I Can Go My Own Way

Alice WalkerFrom an interview Alice Walker did with The New York Review of Books in 2018.

Rudyard Kipling’s poem “If” had a great impact on me as a very young child. It opens with the lines, “If you can keep your head when all about you/ Are losing theirs and blaming it on you” and the last line is, “you’ll be a Man, my son!” Well, I don’t care about the man part, but I did know at that age whenever I heard it, it gave me permission to understand that I can go my own way. I can keep my head and not care what everyone else is doing with their heads, but I need to keep mine. That’s the kind of power that poetry has.

We Are the Offspring of the Ignorantly Discarded

Alice WalkerA sample from Alice Walker’s newest book of poetry Taking the Arrow Out of The Heart (October 2018). This is called “I Am Telling You, Discouraged One, We Will Win.”

I am telling you
Discouraged One
we will win.
And I will show you
why.
We are the offspring
of the ignorantly
discarded:
we conjure
sunrise
with our smiles
and provoke music
out of trash.
Who can completely
disappear
such genius? Continue reading

We Begin to Flow

Alice WalkerBy Alice Walker, from a talk she gave at Auburn Theological Seminary (NYC, April 1995) in Anything We Love Can Be Saved: A Writer’s Activism (1997):

It is fatal to love a God who does not love you. A God specifically created to comfort, lead, advise, strengthen and enlarge the tribal borders of someone else. We have been beggars at the table of a religion that sanctioned our destruction. Our own religions denied, forgotten; our own ancestral connection to All Creation something of which we are ashamed. I maintain that we are empty, lonely, without our pagan-heathen ancestors; that we must lively them up within ourselves, and begin to see them as whole and necessary and correct: their Earth-centered, female-reverencing religions, like their architecture, agriculture, and music, suited perfectly to the lives they led. And lead, those who are left, today. Continue reading

Treacherous Machinations Around the Globe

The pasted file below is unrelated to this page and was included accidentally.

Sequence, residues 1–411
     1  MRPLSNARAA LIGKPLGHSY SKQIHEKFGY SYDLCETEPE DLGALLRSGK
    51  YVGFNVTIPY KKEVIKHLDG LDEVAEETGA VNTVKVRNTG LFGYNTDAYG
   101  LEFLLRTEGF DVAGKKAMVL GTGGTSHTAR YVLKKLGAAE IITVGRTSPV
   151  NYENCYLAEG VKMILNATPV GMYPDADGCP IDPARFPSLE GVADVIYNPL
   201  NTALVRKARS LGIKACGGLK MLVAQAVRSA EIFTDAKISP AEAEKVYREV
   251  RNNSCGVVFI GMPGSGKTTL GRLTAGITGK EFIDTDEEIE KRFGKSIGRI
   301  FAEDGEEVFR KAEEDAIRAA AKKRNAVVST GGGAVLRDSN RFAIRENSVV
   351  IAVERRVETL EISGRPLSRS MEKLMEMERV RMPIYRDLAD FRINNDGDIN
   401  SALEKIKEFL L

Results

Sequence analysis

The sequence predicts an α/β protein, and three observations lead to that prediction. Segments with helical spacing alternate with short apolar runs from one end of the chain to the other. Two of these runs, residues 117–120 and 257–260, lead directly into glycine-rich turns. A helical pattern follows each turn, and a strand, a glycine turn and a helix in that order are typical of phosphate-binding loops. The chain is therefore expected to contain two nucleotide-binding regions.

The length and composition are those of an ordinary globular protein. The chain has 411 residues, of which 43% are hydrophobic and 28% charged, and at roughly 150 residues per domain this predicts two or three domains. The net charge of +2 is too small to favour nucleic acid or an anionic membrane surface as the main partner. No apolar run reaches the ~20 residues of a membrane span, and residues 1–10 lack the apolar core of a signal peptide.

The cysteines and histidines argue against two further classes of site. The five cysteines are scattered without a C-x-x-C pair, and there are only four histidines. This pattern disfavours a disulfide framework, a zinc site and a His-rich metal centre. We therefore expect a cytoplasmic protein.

WalkerAfter George W. Bush was elected in 2000, Alice Walker said in an interview: “I know that Martin Luther King would have felt very saddened because he gave his life for a very much larger vision.” During the Obama years, Walker was asked in an interview with an Israeli publication what Dr. King would have thought of Obama’s America and what should be done to fulfill his vision.   This was her response:

Martin Luther King was a leader, a person of conviction.  He would find it difficult to comprehend, as I do, why Obama is incapable of standing up to Israel and why, whenever he tries, he soon collapses again.  I believe Obama started out in the presidency as a good and decent person.  With much ambition, but that is not a crime.  However, killing people in distant lands by drone attack is, in my opinion, a crime.  Condoning Israel’s crimes makes him an enabler of criminal behavior and complicit in the misery Israel causes to poor and frightened people.  This is almost unbearable to face, because I, like so many others, love Barack.  But we have lost him to the US government machine that is only running true to course in its treacherous machinations around the globe.  Continue reading

Spirit

Alice WalkerFrom a young Alice Walker in “From An Interview” (1973):

If there is one thing African-Americans and Native Americans have retained of their African and ancient American heritage, it is probably the belief that everything is inhabited by spirit.  This belief encourages knowledge perceived intuitively.  It does not surprise me, personally, that scientists now are discovering that trees, plants, flowers, have feelings…emotions, that they shrink when yelled at; that they faint when an evil person is about who might hurt them.

What Can The White Man Say To The Black Woman?

AliceFrom Alice Walker, poet, activist and the author of many works including The Color Purple (1982). This was the conclusion of a piece published in the recent 150th anniversary edition of The Nation:

What can the white man say to the black woman?

Only one thing that the black woman might hear.

Yes, indeed, the white man can say, your children have the right to life. Therefore I will call back from the dead those 30 million who were tossed overboard during the centuries of the slave trade. And the other millions who died in my cotton fields and hanging from my trees.
Continue reading